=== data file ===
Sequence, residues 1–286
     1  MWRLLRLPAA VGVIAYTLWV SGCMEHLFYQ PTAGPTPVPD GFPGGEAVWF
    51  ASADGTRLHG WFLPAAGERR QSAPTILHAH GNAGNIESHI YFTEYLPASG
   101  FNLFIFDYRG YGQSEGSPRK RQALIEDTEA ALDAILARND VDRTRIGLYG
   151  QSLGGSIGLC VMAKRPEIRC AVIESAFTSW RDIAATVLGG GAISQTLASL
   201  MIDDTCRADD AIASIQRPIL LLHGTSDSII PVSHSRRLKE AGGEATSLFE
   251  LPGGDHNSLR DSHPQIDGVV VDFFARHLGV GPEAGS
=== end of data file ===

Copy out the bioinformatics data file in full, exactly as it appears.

Sequence, residues 1–286
     1  MWRLLRLPAA VGVIAYTLWV SGCMEHLFYQ PTAGPTPVPD GFPGGEAVWF
    51  ASADGTRLHG WFLPAAGERR QSAPTILHAH GNAGNIESHI YFTEYLPASG
   101  FNLFIFDYRG YGQSEGSPRK RQALIEDTEA ALDAILARND VDRTRIGLYG
   151  QSLGGSIGLC VMAKRPEIRC AVIESAFTSW RDIAATVLGG GAISQTLASL
   201  MIDDTCRADD AIASIQRPIL LLHGTSDSII PVSHSRRLKE AGGEATSLFE
   251  LPGGDHNSLR DSHPQIDGVV VDFFARHLGV GPEAGS